Having a Voice :: 2010.10.01 20:56

Powerlessness and Voicelessness:

Dimensions of poverty which people living in the developed world find difficult to sympathise with. 

Especially for the most disadvantaged and marginalised individuals and communities - i.e. the landless, the disabled, members of the certain ethnic/tribal groups or lower caste (e.g. dalits, or untouchables), women, youth, the elderly, people living with HIV/AIDS and other illnesses - powerlessness and voicelessness epitomise their lives. 

"The battle against HIV / AIDS is our solemn duty." © Youjin Brigitte Chung 2009


The ethos of 'participatory development' or people-centred principles of development is that all stakeholders should have a say in decisions about policies and actions that could affect their lives. In the narrow sense of definition, it can also mean the incorporation of local knowledge (or indigenous knowledge/ indigenous technical knowledge/ traditional knowledge, etc) to all aspects of the project cycle - from planning to evaluation. 

 Often times, however, the disadvantaged groups mentioned above are not always "invited" to become participants. This is because of a number of reasons, such as geographical inaccessibility, political inequality as well as project practicality (i.e. some groups are easy to identify than others, budget and time constraints..). Even if they participate, the outcome of 'participatory development' is not always positive and equal, as there are always the problem of internal politics and representativeness.

I do have my doubts on the values and effectiveness of participatory development, but this is not to say I reject the notion completely. The outcomes of a participatory development project, I believe, is contingent on the nature of the project, ethics and attitudes of project staff/facilitators, the way people are recruited among many other factors. For projects of a larger scale (i.e. regional/country-level programmes), there are more complex problems to consider, most importantly politics and conflicts that may arise among stakeholders. 

These cautionary thoughts aside, I wanted to get my toes wet in the area. To learn more, to observe, to be critical and to understand. 

Since 2007, I've been closely following an organisation, called PhotoVoice (www.photovoice.org). It seemed to be a perfect combination of my two passions: development and photography. Though not a professional at all, I've been an avid photographer and I understand how the medium of photography (whether analog or digital) can be a powerful tool not only for the users/audience of images but also the producers.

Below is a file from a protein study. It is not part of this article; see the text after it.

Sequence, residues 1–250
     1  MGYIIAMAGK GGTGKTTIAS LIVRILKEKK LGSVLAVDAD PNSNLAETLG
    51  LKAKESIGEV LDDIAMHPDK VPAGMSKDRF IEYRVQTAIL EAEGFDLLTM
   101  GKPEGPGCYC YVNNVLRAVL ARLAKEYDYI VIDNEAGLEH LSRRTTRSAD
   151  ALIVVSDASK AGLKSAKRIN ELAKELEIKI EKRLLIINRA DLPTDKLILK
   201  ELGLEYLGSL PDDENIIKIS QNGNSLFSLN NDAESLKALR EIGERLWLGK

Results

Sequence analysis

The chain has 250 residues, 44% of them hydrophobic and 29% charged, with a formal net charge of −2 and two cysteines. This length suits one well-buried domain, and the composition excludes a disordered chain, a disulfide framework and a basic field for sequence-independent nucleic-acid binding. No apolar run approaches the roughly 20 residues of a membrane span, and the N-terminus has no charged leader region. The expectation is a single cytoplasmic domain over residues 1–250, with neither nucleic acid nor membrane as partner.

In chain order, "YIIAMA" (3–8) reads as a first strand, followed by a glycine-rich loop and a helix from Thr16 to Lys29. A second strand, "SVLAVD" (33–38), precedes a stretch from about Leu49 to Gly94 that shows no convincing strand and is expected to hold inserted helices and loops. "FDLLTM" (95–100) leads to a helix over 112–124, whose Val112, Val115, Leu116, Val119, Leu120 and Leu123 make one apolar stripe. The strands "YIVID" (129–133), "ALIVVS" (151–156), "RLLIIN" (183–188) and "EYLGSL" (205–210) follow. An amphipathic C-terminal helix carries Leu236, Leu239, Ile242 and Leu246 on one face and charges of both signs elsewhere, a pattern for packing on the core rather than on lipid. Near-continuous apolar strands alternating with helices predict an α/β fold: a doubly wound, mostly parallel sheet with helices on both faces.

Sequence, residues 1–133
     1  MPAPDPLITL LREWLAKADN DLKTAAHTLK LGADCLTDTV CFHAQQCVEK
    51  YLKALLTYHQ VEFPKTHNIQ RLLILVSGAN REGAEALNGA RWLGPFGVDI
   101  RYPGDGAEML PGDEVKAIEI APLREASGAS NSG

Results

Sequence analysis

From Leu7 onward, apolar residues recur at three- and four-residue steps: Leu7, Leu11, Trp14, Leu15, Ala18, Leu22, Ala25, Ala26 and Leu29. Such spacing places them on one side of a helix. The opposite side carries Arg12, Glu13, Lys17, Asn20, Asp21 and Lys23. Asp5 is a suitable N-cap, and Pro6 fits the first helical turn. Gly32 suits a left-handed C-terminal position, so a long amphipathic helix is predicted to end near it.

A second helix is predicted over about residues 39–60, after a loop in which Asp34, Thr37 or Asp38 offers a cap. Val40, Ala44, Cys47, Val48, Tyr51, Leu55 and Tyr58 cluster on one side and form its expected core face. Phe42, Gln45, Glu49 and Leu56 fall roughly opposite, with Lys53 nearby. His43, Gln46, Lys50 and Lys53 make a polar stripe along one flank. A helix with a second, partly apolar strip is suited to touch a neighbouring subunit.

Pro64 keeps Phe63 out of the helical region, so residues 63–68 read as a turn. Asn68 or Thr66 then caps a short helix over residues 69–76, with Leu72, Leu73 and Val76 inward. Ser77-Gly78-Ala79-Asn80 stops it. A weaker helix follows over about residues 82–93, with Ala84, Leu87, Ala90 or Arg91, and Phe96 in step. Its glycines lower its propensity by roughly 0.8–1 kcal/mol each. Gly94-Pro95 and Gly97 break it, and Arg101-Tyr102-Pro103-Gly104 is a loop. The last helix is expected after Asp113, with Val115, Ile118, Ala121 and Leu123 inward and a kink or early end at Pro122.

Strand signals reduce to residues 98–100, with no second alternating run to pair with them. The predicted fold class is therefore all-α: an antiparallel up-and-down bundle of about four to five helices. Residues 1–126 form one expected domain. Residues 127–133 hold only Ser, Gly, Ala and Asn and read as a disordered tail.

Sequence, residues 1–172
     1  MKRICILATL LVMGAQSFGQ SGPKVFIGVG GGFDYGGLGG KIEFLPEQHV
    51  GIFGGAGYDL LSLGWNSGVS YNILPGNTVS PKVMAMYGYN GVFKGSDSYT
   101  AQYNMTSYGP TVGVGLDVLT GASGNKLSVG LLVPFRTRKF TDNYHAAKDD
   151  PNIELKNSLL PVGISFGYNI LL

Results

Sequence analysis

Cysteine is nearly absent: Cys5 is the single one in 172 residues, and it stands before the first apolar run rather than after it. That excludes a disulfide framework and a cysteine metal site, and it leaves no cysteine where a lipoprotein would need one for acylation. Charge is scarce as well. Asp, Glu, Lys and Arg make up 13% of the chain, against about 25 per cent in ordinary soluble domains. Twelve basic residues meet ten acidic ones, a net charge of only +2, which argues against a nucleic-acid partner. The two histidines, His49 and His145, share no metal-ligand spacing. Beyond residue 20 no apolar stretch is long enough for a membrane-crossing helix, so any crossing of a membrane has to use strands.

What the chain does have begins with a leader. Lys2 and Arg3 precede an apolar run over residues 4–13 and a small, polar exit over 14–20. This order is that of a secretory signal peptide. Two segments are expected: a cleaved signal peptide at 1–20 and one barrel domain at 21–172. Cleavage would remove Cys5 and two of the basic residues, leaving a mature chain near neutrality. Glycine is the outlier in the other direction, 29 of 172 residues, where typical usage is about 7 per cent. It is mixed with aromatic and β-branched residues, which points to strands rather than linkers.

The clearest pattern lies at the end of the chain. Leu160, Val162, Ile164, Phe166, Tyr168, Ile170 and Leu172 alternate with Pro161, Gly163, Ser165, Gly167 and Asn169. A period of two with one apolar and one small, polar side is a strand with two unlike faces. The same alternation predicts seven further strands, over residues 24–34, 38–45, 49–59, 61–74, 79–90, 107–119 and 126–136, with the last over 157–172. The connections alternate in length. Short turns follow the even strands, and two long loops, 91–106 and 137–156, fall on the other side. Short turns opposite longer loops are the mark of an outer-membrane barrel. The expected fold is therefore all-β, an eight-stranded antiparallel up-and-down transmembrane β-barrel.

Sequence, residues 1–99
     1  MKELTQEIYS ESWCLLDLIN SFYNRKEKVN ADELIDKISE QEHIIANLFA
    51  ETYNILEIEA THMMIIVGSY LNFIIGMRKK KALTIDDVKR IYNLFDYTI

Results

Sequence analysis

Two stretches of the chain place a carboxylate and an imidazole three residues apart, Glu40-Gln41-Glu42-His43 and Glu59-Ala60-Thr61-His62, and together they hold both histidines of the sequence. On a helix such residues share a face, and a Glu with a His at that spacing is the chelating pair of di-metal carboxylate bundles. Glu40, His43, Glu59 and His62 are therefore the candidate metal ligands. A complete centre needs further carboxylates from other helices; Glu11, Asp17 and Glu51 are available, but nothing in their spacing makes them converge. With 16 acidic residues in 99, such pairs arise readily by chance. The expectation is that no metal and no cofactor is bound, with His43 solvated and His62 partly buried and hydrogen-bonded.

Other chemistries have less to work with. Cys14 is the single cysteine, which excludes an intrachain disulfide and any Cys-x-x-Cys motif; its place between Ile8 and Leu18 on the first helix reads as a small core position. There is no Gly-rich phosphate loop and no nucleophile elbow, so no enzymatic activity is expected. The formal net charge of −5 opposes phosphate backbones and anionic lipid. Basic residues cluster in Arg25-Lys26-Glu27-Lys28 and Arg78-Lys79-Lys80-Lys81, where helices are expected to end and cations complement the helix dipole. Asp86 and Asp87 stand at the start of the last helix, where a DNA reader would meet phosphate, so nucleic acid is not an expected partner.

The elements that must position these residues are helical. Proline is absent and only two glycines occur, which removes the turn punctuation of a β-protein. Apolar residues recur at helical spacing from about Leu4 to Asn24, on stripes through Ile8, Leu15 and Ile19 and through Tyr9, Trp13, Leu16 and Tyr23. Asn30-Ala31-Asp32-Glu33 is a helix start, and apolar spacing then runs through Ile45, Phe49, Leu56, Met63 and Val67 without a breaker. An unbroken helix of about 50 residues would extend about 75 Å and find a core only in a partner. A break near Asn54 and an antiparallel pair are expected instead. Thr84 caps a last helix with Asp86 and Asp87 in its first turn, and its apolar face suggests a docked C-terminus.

In short, PhotoVoice supports disadvantaged and marginalised individuals and communities (in the UK and overseas) with photographic/photoadvocacy training, so that they have a voice through which to represent themselves and to speak out about issues that matter the most to them. 

"It's really hard when you don't know how to explain things and you don't have a voice.
In order to make something of ourselves, we need a little bit of help
- that help from PhotoVoice has meant a lot to me.
That help makes a huge difference between being an outsider
or being like everyone else."

-Tatiana, New Londoners Project 

This is where I'm working at the moment, and am very inspired by PhotoVoice's past and current projects. One of several projects I'm working on at the moment is called 'Visible Rights' (working on the dissemination stage of the project). The project is mainly about raising awareness and encouraging action for the protection of child rights in Afghanistan, in line with the United Nations Convention on the Rights of the Child (UNCRC). The photo-advocacy workshops were delivered in May 2010 to young people in Kabul and they documented the realities of Afghani children and the situations in which their rights are being withheld (See Gallery). The images and captions from this project are so impactful - overall, it made me realise how little we know about the rights of the child and the mechanisms through which to report the violations of these rights. 

Everything has a moral, if only you can find it.